Hibiscus - a brighter version of your daily beverage
Stay close to nature
For many people, they are considering taking some time to travel this summer. The National Park Service offers free entrance to its national parks on different days throughout the year
. Consider visiting one as part of your well-care on the road. Visit: http://www.nps.gov/findapark/feefreeparks.htm
to find a park and free entrance dates.
Free yoga in the park this summer
For those of you who love yoga and nature, free yoga classes will be offered in East Rock Park, near New Haven: Saturdays 6-7pm, June 9th through Aug 25th, College Woods section near the playground - rain of shine (!). Dr. Gulmen will be teaching the class July 28th.
A very common homeopathic remedy used for bug bites is called ledum. It comes in two forms: pellets that you can take orally or a cream you can use topically. This might be a remedy to keep on hand if you are involved in outdoor activities this summer which usually helps with the swelling, redness and itch of bug bites. While traveling through Nicaragua with a medical team, ledum came in handy to decrease the discomfort of the daily bug bites we received. Homeopathy is considered an energy medicine. Remedies are created by taking a small amount of natural substance such as a plant or mineral and diluting it in water several times. Medicine is then made from this water. If used properly, it can be used even by sensitive people such as babies and fragile elderly.
Homeopathy for Bug Bites
Now that things are starting to bloom in the garden you may find you have a bumper crop of certain foods but not sure what to do with it all. Different food herbs such a basil, mint, parsley and cilantro seem to pop up first. Here are some recipes to enjoy their goodness:
Cooking up the garden
(raw, gluten-free, vegan)
Sometimes people complain that a healthy diet can become bland or boring. If you really want to stir things up, this may be the one for you...enjoy on meats, pasta, sandwiches or crackers.
2 cups fresh herb (basil or parlsey or mint or a combination)
1/2 cup nuts (walnuts or pinenuts or sliced almonds)
1/2 cup olive oil
juice of 1 lemon
2-3 cloves of garlic
1/2 cup parmesan cheese (optional - do not add if you have high blood pressure)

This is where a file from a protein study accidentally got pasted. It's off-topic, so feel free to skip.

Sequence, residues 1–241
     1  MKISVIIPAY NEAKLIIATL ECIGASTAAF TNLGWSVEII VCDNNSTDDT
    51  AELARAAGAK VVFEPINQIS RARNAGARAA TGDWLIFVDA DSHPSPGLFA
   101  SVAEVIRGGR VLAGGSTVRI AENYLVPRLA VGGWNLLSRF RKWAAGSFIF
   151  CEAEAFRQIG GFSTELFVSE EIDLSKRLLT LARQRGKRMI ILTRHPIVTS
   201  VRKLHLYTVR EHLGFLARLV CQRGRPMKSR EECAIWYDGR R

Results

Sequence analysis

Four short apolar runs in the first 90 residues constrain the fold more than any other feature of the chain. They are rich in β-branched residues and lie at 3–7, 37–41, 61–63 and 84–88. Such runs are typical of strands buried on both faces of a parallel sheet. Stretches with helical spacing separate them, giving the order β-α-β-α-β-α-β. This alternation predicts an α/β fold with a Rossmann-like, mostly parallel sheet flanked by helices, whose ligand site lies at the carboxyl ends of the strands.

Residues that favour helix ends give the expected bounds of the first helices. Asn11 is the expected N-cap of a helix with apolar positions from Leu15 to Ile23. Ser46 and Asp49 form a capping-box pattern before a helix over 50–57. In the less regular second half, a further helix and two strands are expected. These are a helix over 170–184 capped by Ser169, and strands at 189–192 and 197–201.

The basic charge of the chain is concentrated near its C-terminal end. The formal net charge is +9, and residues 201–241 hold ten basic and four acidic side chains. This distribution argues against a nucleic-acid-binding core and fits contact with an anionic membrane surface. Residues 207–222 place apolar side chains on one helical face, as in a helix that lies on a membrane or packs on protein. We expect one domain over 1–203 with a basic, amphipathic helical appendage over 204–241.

1/2 teaspoon salt (optional - do not add if you use parmesan cheese, it will be too salty)
Pour oil into food processor. Add herbs then other ingredients to help push herbs to the bottom. Puree mixture. WIll keep in the refrigerator for about 2 weeks.
Grilled lamb chops with
If you are ready to get your grill out for the season, this may be the recipe to get the party started. Only a slight modification to the pesto sauce above and you have a lovely, vibrant way to offer your grilled foods to your guests.
- 4 lamb chops
- 3/4 teaspoon cinnamon
- pinch of salt and pepper
- 2 cups parsley
- 2 cups mint
- 1/2 cup olive oil
- 2 - 3 cloves of garlic
- 1/3 cup apple cider vinegar
Mix cinnamon, salt and pepper, rub on lamb chops and grill to desired doneness. In food processor, add herbs, olive oil, garlic and vinegar and puree until smooth. Add chimichurri sauce on top of lamb or on side to serve.
(raw, gluten-free, vegan)
2-3 cloves garlic
1/2 - 1 small red onion minced
juice of one lime
1 cup of cilantro
salt to taste
2 avocados, chopped
If you like your guac chunky, you can chop everything by hand and mix in a bowl. If you like it smoother, add ingredients in order into a food processor and blend. Serve with chips such as "Beanito" brand - they have great flavor, higher protein content and also lower sodium content compared to most chips.
Brazilian shrimp stew
This recipe not only allows you to use some lovely fresh cilantro but also offers an opportunity to incorporate more plant based oils such as coconut and palm.
1 lb large shrimp, peeled, deveined
1/4 teaspoon black pepper
1/2 teaspoon salt
2 garlic cloves minced
1/4 cup fresh lemon juice
3 large tomatoes - pureed
1 large onion chopped
2 green peppers, chopped
1-2 tablespoons olive oil
1/2 teaspoon cayenne pepper
1/2 cup chopped cilantro
1 can well-stirred coconut milk
1 tablespoon palm oil (optional)
Toss shrimp with salt, pepper, garlic and lemon juice - let sit covered and chilled for 20 minutes. Puree tomatoes in food processor. Saute onions and peppers in olive oil until soft, about 8 minutes. Add cayenne and 1/4 cup cilantro, stir. Add tomato puree to this and let simmer until thickens, about 15 minutes. Stir in coconut milk then add shrimp until they are just cooked through, about 3-5 minutes. Stir in palm oil now if you are using it. Serve with brown rice and garnish with remaining cilantro.